3/4 stars

News: Scrabulous under fire

When I first played "Scrabulous," I knew it was strange that there was no official branding. It turned out, of course, that the game isn't an authorized version of Scrabble. And now, the popularity of the application has finally prompted Hasbro and Mattel to ask Facebook to shut it down.

It's not surprising, really. While there's no way the owners of the Scrabble game could possibly stop every single letter tile-based game, it's pretty clear that Scrabulous is essentially a carbon copy of Scrabble, to the point of using the familiar red, pink, and blue bonus squares. The makers of Scrabulous, two guys from India, were probably blithely aware of their infringement of Hasbro and co.'s intellectual property rights, but I suppose they figured no one would care.

We'll see how this unfolds. It should be great grist for our Copyrights class.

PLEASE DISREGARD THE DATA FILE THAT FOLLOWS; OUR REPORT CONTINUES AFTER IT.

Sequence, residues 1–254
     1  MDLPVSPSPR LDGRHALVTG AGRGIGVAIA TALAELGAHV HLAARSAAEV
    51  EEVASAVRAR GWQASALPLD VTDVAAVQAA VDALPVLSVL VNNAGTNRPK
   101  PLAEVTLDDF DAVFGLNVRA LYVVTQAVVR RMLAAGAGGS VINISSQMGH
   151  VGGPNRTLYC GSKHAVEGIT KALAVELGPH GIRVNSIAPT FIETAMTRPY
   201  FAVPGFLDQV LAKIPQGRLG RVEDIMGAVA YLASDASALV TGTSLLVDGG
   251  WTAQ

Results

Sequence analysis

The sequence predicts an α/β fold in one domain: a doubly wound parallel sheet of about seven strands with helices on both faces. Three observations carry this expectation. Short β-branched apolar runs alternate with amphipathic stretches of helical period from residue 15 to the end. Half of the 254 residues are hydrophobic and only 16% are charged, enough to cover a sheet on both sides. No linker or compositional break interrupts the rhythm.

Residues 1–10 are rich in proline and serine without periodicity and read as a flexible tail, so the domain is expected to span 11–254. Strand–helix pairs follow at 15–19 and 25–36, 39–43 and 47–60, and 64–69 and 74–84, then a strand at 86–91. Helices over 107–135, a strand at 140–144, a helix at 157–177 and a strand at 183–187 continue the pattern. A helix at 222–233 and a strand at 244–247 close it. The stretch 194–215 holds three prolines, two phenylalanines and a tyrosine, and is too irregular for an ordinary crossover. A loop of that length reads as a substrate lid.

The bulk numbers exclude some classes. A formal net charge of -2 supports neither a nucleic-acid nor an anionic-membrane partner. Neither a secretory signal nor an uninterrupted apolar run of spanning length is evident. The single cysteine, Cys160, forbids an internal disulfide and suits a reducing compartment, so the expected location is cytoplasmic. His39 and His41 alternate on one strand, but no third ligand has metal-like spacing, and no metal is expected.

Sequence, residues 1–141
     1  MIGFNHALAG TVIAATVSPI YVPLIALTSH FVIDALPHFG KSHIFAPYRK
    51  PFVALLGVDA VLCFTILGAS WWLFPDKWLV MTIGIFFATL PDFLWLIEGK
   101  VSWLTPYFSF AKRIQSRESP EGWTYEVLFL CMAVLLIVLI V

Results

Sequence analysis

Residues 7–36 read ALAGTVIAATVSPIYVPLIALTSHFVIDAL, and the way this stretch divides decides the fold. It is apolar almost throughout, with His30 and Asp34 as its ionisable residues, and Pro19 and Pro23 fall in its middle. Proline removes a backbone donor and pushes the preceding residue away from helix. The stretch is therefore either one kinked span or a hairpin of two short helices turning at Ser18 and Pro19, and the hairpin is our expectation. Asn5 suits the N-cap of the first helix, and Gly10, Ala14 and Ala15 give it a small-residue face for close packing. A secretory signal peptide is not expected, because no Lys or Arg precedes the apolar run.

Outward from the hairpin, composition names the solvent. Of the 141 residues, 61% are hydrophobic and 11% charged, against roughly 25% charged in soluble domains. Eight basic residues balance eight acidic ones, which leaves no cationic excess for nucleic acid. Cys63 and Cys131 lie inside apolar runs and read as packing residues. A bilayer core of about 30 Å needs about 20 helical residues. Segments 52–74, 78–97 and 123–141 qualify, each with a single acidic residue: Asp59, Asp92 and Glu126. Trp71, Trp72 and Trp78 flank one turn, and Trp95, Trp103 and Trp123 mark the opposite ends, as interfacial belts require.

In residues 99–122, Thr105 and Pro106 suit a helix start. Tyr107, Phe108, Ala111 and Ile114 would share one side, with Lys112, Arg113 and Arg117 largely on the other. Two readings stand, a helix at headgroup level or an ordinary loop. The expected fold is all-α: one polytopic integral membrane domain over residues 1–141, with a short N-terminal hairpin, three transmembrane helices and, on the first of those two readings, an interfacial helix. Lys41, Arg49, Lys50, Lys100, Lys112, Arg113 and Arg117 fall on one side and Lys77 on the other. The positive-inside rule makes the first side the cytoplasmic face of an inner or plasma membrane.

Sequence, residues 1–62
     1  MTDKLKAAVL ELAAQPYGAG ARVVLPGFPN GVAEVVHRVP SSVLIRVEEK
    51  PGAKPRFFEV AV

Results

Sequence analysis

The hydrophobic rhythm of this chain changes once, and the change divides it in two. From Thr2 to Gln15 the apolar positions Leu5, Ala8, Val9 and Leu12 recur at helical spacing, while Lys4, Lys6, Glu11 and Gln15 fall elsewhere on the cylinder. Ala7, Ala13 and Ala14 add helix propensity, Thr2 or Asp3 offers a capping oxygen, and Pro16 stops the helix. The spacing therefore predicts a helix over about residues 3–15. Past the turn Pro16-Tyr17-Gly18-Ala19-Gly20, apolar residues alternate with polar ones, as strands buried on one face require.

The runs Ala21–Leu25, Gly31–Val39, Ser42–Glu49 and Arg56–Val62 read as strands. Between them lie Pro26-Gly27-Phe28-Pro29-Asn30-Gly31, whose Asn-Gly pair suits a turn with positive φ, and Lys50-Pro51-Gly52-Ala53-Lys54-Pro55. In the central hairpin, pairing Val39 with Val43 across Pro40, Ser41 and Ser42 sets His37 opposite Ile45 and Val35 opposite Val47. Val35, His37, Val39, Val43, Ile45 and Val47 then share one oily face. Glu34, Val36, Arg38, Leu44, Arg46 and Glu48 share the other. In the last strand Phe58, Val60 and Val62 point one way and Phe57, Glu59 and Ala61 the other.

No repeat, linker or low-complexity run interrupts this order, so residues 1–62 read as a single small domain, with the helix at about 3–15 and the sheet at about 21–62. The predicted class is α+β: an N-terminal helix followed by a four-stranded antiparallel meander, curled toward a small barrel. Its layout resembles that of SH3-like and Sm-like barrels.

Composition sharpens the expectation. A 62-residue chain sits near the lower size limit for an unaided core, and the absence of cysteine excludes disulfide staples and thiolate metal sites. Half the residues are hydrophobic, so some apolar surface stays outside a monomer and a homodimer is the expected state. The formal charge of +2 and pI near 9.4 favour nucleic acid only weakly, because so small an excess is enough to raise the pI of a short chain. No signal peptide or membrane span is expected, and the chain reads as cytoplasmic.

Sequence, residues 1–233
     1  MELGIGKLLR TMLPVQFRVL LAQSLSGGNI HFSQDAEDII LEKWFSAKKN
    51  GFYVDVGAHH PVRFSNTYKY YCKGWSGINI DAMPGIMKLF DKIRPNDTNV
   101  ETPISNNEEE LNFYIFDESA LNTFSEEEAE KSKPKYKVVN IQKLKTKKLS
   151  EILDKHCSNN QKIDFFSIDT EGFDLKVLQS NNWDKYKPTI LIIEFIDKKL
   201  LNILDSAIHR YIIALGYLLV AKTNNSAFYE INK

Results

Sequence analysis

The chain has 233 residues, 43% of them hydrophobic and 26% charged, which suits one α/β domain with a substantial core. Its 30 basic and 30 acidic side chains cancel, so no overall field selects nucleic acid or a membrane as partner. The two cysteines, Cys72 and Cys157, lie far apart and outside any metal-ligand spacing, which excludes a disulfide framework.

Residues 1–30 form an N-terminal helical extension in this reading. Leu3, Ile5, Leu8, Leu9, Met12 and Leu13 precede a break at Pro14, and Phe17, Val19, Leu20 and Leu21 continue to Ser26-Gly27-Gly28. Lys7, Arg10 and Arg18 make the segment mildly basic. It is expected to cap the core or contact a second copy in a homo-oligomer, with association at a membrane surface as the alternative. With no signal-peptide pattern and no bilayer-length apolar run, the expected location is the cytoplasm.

Wednesday, January 16, 2008

Tech: Mass Effect review


"Mass Effect" is an action RPG from the folks at BioWare. I previewed it awhile back, and now I've finally finished the game. As I expected, it's a mixed bag with some dizzying highs and stupefying lows. In ME, you play as Commander Shepard, a human who has come into contact with an ancient alien artifact, and you are soon fighting to save the entire galaxy.

First, the good - this is one of the best original sci-fi settings in recent memory. There's some great backstory that can be examined here, and filling your in-game encyclopedia with new entries becomes as much a payoff as getting that new piece of armor. Sure, it doesn't stray too far from the mold of your standard space operas, but it's nice to get a galactic storyline in a place with no Jedi and no phasers.

Your companions are also fairly well-drawn (though your two human sidekicks are bland and uninteresting). There are ample chances for Shepard to play a goodie-two-shoes, a ruthless bastard, or someone in-between. While there's no actual "evil" path, some of the choices that the "Renegade" path offers can be pretty heartless...and fun.